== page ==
Some news, views and comments about everything and anything, relevant and irreverent.
When Valentines’ Day comes around, will you bowl over your beau with an extravagant gesture, or win their heart with a wily way around the romance of finance.
Nothing says “I love you” more than a going all out to impress, regardless of the cost, but nothing says “I want a divorce” more than a credit limit maxed out on a series of last-minute, ill-advised, over-expensive indulgences.
No romance without finance, as Gwen Guthrie told us. Even if you’re hopelessly devoted to your loved one, don’t break the bank just to prove it, or you’ll find breaking up isn’t that hard to do after all.
So how about a divine dinner on the big day? The BBC broke the habit of a lifetime in their recent report and went down the road of thrift. They recommend cooking at home as a new romantic and economical alternative to a meal in an expensive restaurant. More Bakeoff than Masterchef, but who doesn’t look good in chef’s whites, handling a rolling pin sprinkled in self-raising flour.
In the BBC video, the Corporation says a night at the theatre would be a perfect prelude to passion, but shop around for tickets to get the most out of your performance. Maybe the early matinee could work. If it’s half the cost, take advantage of off-peak pricing, and you could be pocketing a spot of afternoon delight.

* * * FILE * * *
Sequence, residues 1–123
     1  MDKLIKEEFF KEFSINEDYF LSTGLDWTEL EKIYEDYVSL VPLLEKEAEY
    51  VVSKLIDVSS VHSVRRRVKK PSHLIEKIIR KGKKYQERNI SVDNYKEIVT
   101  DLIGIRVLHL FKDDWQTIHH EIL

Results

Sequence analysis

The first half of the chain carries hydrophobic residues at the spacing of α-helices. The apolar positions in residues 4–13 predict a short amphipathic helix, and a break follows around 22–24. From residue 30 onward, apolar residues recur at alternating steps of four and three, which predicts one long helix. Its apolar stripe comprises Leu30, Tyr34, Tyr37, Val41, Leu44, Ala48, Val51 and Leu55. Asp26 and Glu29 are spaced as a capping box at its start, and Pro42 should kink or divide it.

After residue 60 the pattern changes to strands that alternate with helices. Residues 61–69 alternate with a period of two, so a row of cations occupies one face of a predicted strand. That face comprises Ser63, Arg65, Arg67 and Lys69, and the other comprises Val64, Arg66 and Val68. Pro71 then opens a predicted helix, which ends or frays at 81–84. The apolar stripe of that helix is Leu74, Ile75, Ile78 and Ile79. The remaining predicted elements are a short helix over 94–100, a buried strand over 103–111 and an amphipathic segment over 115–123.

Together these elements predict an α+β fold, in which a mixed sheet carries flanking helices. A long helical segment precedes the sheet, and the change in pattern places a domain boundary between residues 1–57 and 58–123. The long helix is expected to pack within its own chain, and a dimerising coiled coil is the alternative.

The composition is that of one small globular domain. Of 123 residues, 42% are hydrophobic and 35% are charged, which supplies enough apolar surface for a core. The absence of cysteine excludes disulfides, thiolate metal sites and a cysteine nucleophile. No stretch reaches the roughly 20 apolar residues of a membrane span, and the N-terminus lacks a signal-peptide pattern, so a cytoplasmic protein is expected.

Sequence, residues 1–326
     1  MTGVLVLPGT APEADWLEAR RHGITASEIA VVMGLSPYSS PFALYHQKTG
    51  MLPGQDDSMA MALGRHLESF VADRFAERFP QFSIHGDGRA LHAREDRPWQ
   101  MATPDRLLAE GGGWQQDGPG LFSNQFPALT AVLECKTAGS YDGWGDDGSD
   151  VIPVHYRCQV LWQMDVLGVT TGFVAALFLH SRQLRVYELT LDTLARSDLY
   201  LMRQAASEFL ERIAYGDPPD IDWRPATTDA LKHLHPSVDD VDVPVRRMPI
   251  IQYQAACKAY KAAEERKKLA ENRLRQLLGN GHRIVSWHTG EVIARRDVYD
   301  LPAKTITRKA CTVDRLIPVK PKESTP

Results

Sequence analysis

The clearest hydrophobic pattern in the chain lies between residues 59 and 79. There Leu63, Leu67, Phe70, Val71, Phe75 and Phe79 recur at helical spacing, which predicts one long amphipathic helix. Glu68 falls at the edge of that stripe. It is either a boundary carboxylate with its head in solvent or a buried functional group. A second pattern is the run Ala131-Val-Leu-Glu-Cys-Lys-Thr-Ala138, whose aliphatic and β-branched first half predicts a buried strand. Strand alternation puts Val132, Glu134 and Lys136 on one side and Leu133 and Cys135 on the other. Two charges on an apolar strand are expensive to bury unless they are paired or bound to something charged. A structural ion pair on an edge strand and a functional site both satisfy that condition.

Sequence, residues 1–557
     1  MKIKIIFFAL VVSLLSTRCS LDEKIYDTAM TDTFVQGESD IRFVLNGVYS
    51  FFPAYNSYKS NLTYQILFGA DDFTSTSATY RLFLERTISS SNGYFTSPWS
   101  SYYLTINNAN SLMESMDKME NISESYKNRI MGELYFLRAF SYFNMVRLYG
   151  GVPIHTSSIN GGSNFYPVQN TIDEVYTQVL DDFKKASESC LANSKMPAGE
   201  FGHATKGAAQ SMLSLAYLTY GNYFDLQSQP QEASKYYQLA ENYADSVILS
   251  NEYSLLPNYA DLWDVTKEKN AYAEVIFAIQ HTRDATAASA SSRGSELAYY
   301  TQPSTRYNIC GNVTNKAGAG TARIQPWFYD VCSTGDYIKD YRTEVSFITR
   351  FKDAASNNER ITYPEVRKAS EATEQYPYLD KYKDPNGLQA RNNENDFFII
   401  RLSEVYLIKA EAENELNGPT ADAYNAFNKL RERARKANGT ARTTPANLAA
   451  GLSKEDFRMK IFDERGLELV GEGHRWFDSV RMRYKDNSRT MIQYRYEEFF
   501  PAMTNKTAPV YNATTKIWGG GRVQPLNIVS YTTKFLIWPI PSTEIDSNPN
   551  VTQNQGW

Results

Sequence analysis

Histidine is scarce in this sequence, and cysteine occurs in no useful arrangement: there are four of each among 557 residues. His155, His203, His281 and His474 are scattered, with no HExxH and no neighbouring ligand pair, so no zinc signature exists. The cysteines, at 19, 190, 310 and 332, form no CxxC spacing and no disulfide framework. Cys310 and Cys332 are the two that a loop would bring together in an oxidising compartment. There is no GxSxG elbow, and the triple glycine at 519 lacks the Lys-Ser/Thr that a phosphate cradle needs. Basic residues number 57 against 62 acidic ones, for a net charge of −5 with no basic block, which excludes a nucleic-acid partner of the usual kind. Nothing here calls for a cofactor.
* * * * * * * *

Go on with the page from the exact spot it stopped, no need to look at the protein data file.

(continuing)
Unravelling a few loose ends, Martin Lewis, the adonis of Money Saving Expert, gives some no strings attached good advice amongst which is the perennial one: don’t leave chocolates and flowers until the last minute. In other words, high demand items will command high prices at peak demand times. Plan your passion like you plan your business, and get your stocks in early. This shouldn’t be applied to Valentine cards, even if they are on two-for-one offers in March.
Mr Hyde, the lavish newsletter alter-ego of Shortlist free zine, says go all out to impress. The newsletter says there’s a jeweller who will select the perfect rock for the perfect date for the perfectly perplexed partner. Just key in a few personality profiles and let the marketing software do the rest. Well, it’s the thought that counts.
Thinking a bit harder cannot only save a small fortune, it can also mean more rewarding relationships. If you plan ahead at this time of year, the only lovers’ argument should be whether that apostrophe goes before or after the last letter in Valentines … or lovers.